Located further up on our northern border, lies the battle-scarred Golan Heights bordering Syria. This high plateau covering around 700 square miles is of major strategic importance to Israel, and was seized towards the end of the 1967 Six Day War. Due to it’s elevation, the Golan Heights has a wonderfully mild climate with tree covered mountains and hills, farmlands and vineyards – quite unlike the mostly arid mountains in the south. Excellent views over the Galilee and into Syria can be had from the tops of Mount Betai and Merom Golan, and remnants from the 1967 war and 1973 Yom Kippur war are scattered about amongst the beautiful wild flowers. Abandoned military bunkers, barracks, mosques and destroyed tanks litter the area, and make for some excellent photo opportunities. Many hikers like to visit the area thanks to it’s healthy landscape set amongst forests, rolling hills, beautiful streams, waterfalls and hot springs, such as the ones located within Banias and Gamla Nature Reserves. The Golan Heights is a great escape from the extreme heat in the summer, but is particularly beautiful when the wild flowers bloom in the spring.
The Negev Desert, Dead Sea and Ramon Crater
In contrast to Northern Israel, the Negev Desert in Israel’s south is a dry, arid, rocky desert covering over half of the country’s land mass. One of our favourite regions to photograph, the Negev offers surprising photo opportunities due to it’s stunning landscapes, Biblical ruins and beautiful light. And for photographers wanting to take advantage of a full day tour from Jerusalem, the Dead Sea and Masada in particular make for a great day out. The desert is not completely devoid of life. Bedouins have lived here for centuries. Until recently, these nomadic people would live in temporary dwellings and move with the seasons, following water sources together with their livestock. Likewise some animals dwell in this region, such as Camels, the Arabah Mountain Gazelle, Nubian Ibex and even a small population of Arabian Leopards. Since Israel gained it’s independence, The Israeli National Parks Authority reintroduced previously extinct in the wild Arabian Oryx, Persian Fallow Deer and the Asiatic Wild Ass. The Negev is a prime example of Israel’s global reputation in making the desert flourish. The coastal plain is heading southward, making the Negev the only desert in the world actually reversing desertification. Within this extraordinary feat lies the Yotvata Kibbutz, the largest producer of fruit, vegetables and dairy products in the country. Wine production is even making a comeback, thousands of years after production by the ancient Nabateans.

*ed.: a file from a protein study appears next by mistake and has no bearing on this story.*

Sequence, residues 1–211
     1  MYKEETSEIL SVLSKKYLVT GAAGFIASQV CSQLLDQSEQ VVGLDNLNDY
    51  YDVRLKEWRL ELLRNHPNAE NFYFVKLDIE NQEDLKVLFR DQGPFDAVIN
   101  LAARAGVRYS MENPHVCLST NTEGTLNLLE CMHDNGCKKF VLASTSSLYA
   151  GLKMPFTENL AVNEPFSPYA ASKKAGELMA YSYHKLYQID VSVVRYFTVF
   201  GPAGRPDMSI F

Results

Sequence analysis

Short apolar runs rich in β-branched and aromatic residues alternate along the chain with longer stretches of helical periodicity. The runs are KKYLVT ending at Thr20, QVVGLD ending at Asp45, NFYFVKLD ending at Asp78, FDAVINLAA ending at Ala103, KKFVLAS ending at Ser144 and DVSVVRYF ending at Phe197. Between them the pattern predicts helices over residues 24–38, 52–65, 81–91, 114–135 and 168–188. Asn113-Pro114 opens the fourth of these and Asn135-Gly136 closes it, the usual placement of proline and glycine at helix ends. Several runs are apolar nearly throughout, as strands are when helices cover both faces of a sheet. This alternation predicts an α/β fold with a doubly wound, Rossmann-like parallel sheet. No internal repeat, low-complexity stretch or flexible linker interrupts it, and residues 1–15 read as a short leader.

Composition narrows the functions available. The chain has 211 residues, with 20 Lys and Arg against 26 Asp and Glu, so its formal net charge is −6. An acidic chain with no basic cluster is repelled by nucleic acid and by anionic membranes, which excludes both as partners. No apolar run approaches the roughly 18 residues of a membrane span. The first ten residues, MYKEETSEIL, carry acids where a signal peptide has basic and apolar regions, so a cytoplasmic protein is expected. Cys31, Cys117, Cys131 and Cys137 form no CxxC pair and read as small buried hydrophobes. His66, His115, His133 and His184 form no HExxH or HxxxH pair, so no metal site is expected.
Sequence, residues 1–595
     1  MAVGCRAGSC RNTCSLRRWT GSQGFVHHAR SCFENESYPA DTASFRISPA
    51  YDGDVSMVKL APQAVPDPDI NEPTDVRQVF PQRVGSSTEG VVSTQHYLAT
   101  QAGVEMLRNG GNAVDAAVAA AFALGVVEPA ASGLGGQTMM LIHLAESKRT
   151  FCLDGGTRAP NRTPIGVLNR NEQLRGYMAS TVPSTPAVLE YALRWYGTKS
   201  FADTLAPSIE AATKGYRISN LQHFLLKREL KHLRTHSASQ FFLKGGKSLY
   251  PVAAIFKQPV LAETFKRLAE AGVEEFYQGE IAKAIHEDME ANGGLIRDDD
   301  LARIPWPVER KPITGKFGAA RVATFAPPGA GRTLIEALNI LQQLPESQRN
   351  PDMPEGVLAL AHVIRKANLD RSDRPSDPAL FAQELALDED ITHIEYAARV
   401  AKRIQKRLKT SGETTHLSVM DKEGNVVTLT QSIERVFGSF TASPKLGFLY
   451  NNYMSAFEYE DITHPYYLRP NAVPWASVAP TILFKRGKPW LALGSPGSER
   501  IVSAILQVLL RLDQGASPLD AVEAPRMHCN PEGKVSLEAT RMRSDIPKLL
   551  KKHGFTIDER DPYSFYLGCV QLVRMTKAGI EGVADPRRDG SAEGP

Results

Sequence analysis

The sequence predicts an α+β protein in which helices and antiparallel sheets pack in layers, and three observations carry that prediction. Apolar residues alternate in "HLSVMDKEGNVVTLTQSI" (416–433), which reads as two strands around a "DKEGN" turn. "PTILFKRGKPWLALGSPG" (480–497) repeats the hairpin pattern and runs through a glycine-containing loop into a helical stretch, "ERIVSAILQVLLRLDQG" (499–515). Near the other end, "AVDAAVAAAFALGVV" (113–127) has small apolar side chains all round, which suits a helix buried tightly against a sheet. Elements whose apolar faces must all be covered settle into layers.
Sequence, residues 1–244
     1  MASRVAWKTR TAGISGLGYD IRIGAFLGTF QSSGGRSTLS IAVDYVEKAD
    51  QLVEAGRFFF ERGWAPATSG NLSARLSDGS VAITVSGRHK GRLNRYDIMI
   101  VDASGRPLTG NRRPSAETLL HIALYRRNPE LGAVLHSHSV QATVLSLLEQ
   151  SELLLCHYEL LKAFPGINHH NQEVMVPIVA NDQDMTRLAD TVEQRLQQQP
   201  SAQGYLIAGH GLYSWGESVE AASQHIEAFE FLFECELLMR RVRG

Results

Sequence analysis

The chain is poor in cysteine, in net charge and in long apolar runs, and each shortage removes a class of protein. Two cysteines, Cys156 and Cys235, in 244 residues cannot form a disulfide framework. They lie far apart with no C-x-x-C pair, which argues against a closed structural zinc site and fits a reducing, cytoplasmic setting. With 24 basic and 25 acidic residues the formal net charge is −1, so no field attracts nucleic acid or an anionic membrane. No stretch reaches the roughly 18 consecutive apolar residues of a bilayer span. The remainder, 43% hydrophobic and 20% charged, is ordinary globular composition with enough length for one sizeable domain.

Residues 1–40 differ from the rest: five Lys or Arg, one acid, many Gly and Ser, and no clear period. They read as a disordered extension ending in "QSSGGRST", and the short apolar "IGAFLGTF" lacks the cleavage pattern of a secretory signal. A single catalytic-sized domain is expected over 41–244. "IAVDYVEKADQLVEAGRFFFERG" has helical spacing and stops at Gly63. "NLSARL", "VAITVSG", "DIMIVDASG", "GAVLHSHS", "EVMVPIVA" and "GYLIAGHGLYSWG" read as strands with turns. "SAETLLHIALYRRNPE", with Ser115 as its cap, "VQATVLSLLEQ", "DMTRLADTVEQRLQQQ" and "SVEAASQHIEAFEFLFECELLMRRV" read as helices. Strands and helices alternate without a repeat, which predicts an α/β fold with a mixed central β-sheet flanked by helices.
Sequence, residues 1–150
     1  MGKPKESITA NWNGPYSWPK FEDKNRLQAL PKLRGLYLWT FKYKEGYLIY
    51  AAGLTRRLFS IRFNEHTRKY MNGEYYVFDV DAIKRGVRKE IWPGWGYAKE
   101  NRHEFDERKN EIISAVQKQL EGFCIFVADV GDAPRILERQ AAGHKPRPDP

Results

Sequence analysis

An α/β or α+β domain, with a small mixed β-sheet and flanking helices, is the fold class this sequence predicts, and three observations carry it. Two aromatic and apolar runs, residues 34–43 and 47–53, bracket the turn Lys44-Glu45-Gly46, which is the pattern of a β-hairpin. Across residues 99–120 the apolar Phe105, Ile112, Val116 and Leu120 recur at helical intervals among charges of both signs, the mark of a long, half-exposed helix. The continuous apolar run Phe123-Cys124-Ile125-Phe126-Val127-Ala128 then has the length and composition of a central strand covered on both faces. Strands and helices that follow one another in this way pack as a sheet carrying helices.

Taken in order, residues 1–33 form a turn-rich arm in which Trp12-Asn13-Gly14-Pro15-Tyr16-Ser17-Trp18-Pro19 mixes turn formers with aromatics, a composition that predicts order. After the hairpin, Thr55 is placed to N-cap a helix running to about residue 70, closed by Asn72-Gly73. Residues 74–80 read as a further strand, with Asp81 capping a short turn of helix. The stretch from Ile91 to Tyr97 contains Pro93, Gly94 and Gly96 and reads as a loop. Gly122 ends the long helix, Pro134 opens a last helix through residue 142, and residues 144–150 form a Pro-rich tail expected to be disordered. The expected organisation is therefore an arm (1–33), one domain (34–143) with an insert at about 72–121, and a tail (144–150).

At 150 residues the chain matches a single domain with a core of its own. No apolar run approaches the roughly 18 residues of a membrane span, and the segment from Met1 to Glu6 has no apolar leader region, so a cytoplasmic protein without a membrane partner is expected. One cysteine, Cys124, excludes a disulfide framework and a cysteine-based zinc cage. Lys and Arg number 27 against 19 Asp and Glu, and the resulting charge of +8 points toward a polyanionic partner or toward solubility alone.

At 400m below sea level, one of the world’s most unique geological features is located. Known as the Dead Sea due to it’s high salt content, this is the lowest point on earth and the turquoise blue sea makes for dramatic images with the adjacent rock mountains of Jordan. Reflections over the sea when magic hour arrives can yield some amazing shots. Likewise, the white salt deposits found around it’s shores make for some excellent landscape photos at any time of day. But the Dead Sea is more than just a photography location. Visitors from all over the world come to enjoy it’s healing properties as they float on the water after covering themselves in natural mud. We simply love the Dead Sea, wether it’s for the photo opportunities, rejuvenating from the bustle of the city, or a great place to have group critiques of images made during our group photo workshops.
Located near the shores of the Dead Sea lies the desert fortress of Masada. This UNESCO World Heritage Site is of major importance to Israel’s heritage. Positioned on a high plateau, this fortress was built in 30 BCE by King Herod, reclaimed by Jewish zealots in 68 CE and was to be the last stronghold of the Jews against the Roman Empire. A few years later, the Romans managed to besiege Masada after constructing a huge earthen ramp on it’s western flanks, and the remaining population of around 1,000 Jews committed suicide, rather than fall into the hands of the Romans. Due to this saga of courage and martyrdom, Bar Mitzvah’s take place on the summit and many soldiers from the IDF are sworn in here. Remains of the various structures are well preserved here, and you can visit the palaces, synagogues, bath houses and water cisterns. Even mosaic covered floors are still intact on some of the site. Today there is a cable car to reach the top, though some hikers like to ascend the snake path before dawn to reach the top before the sun rises over Jordan – quite a spectacular sight. For hikers visiting the area, a little further north lies the Ein Gedi National Park, where you can spot wildlife on the way up through it’s series of waterfalls. This region of Israel really gives you the feeling of Biblical characters such as Moses wandering through on his exile from ancient Egypt.
Other fascinating landscapes can be found at the Ramon Crater. This immense crater is a unique type of eroded landform only found in the Sinai peninsula in Egypt, and in Israel’s Negev desert, and is the country’s largest National Park. Watching and photographing the Nubian Ibex jumping along the sheer cliffs with the 500m deep canyon below is always a delight, and visitors are amazed at how close they come to humans. The Beresheet, One of our favourite luxury hotels is located here, perched right on the edge of the crater. The views around the hotel at sunrise are simply spectacular. On trips that require heading further south, we drive from the northern to southern end of the crater, eventually arriving to the Timna Park, another spectacular setting for landscapes due to it’s unusual rock formations created over millennia. Timna was of great importance for the use of copper for household tools, ornaments and weapons in the ancient world, and is the site of the world’s first ever copper mine. This area is just 25km from Israel’s southern border with Egypt and Jordan, and is near the gateway to our stunning photography trip to Petra and Wadi Rum in Jordan.